Richmond School Board gives resounding ‘yes’ to collective bargaining

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In 8-1 vote, Richmond becomes first school district in Virginia to approve collective bargaining rights for teachers and staff

RICHMOND, Va. (WRIC) — At a packed Monday night meeting, the Richmond School Board voted overwhelmingly to approve a resolution allowing teachers and other school staff the right to join a union and bargain collectively for pay and benefits.

The school district is the first in Virginia to grant collective bargaining rights to its employees.

The proposal came after the General Assembly approved collective bargaining rights for public employees, including teachers – provided the local governing body agrees to grant them. That led the Richmond Education Association to push for the proposal along with sympathetic board members.

The task force that formulated the resolution included board members Stephanie Rizzi and Shonda Harris-Muhamed, representatives of the Virginia and Richmond Education Association and district staff. The formation of the task force was also supported by board member Kenya Gibson.

An Outpouring of Support

A number of speakers, including parents, teachers, and community members, spoke out in favor of the proposal, calling on the board to grant employees of the school division the right to unionize.

Jessica Diaz, a middle school social studies teacher, said in public comments to the board that the time had come to let teachers organize.

“The majority of educators in the United States have collective bargaining rights,” she said. “We are in a position to lead the way in Virginia.”

Testimony didn’t just come from teachers. Jerry Gunner is a member of RPS support staff, and he told the board his family had worked in Richmond Public Schools for generations. In an emotional plea, he called on the board to pass the resolution and asked them, “How can you support me?”

Parents also spoke out in favor of the resolution. Kevin Pelletier has two children in Richmond Public Schools, a son in 8th grade and a daughter in 5th grade, and he decried the erosion of labor rights through policies like ‘right to work,’ saying teachers needed to be allowed to collectively bargain.

“They are grossly underpaid and they are exhausted,” he said. “What they are asking for is not radical… they just want a voice in how their contracts are formed and ratified.”

The Board Divided

As the board moved to vote on the resolution, however, cracks began to show. While board members Dr. Shonda Harris-Muhamed and Stephanie Rizzi, who lead the ad hoc committee charged with writing the bill, spoke strongly in favor of it, board member Dawn Page expressed reservations.

“Not having a full discussion, this feels rushed,” she said. The board was originally planning to simply receive the recommendations of the ad hoc committee on Monday, but Gibson submitted a substitute agenda item calling for an immediate vote.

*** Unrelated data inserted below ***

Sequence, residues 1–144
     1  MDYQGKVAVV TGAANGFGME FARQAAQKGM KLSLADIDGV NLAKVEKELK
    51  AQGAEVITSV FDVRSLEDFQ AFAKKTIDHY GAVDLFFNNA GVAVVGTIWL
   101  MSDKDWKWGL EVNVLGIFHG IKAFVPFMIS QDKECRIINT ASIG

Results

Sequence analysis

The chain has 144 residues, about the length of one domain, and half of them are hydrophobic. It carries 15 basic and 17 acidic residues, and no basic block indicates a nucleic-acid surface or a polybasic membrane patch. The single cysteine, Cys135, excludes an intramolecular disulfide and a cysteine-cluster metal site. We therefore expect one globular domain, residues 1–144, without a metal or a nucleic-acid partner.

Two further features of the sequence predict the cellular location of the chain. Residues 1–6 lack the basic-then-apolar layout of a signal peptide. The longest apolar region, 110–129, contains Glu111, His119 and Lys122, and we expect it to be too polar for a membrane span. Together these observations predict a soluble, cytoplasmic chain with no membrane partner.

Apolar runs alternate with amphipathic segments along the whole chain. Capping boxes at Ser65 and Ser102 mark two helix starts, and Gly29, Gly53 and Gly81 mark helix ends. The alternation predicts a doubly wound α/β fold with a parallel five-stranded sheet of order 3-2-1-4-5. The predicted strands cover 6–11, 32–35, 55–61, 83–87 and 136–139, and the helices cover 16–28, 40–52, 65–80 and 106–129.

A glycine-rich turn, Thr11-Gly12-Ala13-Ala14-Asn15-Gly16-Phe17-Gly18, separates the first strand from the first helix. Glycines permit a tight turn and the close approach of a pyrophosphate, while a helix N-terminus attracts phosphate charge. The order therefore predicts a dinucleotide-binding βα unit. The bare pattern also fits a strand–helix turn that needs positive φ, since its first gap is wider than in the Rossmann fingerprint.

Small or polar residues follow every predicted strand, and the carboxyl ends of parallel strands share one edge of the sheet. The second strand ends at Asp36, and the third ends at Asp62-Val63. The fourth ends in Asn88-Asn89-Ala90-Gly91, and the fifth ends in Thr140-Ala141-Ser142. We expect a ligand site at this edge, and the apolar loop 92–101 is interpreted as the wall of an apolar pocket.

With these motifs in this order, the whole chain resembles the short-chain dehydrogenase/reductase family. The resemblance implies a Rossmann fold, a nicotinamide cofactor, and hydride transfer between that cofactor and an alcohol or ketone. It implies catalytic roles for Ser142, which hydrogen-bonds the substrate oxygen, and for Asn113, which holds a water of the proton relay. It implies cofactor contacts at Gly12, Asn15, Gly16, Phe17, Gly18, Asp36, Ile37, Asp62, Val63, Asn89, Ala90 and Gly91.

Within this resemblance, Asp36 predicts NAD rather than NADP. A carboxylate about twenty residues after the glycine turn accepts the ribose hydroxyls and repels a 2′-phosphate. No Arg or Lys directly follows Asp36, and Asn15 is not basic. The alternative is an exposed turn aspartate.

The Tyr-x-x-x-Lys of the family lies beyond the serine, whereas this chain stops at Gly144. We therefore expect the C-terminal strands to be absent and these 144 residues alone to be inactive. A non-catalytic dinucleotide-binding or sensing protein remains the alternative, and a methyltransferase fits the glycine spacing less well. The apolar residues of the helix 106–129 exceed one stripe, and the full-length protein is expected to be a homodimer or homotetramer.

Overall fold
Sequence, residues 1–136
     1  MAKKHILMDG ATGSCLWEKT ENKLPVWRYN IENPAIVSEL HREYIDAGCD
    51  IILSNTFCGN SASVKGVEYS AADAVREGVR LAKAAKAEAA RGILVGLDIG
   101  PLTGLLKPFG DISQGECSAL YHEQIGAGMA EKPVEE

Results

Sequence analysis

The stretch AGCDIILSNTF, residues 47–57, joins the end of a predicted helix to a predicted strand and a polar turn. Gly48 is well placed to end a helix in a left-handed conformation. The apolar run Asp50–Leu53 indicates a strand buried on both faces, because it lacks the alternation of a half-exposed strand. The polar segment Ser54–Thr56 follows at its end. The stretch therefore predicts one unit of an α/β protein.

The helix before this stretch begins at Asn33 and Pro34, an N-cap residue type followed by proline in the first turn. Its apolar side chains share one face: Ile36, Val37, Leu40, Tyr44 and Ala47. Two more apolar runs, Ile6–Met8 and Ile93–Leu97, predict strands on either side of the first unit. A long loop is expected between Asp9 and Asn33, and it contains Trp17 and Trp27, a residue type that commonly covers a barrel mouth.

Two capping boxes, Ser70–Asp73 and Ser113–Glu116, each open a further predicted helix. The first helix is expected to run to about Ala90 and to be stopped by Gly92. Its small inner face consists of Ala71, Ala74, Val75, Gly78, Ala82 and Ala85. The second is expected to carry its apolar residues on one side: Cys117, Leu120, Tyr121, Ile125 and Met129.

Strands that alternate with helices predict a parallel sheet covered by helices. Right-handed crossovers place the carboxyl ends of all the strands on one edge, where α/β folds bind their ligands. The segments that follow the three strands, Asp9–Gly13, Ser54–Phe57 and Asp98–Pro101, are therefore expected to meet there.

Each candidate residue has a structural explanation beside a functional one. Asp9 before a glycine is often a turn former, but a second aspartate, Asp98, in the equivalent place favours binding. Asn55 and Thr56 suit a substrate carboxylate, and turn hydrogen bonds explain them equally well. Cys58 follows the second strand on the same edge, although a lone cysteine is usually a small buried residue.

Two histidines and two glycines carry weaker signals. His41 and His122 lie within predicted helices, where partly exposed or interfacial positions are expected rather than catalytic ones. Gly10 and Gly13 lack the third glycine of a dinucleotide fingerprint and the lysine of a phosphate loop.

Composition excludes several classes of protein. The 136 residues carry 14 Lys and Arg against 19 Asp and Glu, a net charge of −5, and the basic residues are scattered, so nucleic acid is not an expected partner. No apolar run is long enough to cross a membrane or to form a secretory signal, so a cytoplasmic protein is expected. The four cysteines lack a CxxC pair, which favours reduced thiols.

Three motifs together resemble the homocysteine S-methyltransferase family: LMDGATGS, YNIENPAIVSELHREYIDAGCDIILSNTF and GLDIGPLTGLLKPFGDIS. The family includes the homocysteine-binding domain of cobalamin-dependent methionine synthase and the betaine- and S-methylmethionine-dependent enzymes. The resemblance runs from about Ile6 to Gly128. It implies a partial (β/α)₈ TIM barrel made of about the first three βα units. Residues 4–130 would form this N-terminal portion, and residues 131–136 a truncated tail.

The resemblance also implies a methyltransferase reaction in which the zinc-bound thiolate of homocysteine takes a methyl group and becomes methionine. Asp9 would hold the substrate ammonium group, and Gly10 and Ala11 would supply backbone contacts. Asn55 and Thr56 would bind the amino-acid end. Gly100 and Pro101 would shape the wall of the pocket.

“Without a full financial analysis we will not know the ramifications,” Page added.

But Rizzi said the committee materials had been freely available to other board members from the start for consideration over the previous weeks.

“Our recommendation, as far as I know, is to vote on this tonight,” she added.

“I don’t like hearing that some of my colleagues feel rushed,” said board member Elizabeth Doerr. She reiterated her support for the resolution, but added that she also wanted to see the financial analysis called for by Page.

The School Board recessed briefly, and returned to further discussion.

Board member Jonathan Young said that he fully recognized the issues that teachers brought up in their comments and sympathized with their frustrations over micro-management and stress, but that he thought they needed a different solution, “I don’t see that collective bargaining is that tool.”

“I’m tired of making excuses for excuses. It’s time to vote,” said board member Mariah White.

A few minutes later, the vote was held, with all but one member voting in favor.

What Collective Bargaining Would Mean

In short, collective bargaining would mean RPS employees could negotiate for their pay and contracts with the school board and city as part of a union.

While Richmond teachers can currently become members of the Richmond Education Association, the REA and its parent organization, the Virginia Education Association, are limited to their role as a professional organization, and cannot negotiate directly with local governments.

NOW, THEREFORE, BE IT RESOLVED that the School Board hereby recognizes the right of school employees to freely organize, form, join, assist, or participate in employee associations; to collectively bargain with respect to any matter relating to wages, hours, benefits, safety, and other terms and conditions of employment as may be defined by this Resolution and to engage in other concerted activities for mutual aid and protection.

School Board Resolution For Collective Bargaining
In Richmond City Public Schools

Although the resolution would allow teachers to bargain collectively, it also declares that an employee cannot “participate in any strike or willfully refuse to perform the duties of their employment in concert with two or more other Employees.”

Instead, a prospective union would have a set period in which to negotiate with school administration. If no agreement is reached, in place of a strike, teachers and administration would enter mediation with a neutral third party.

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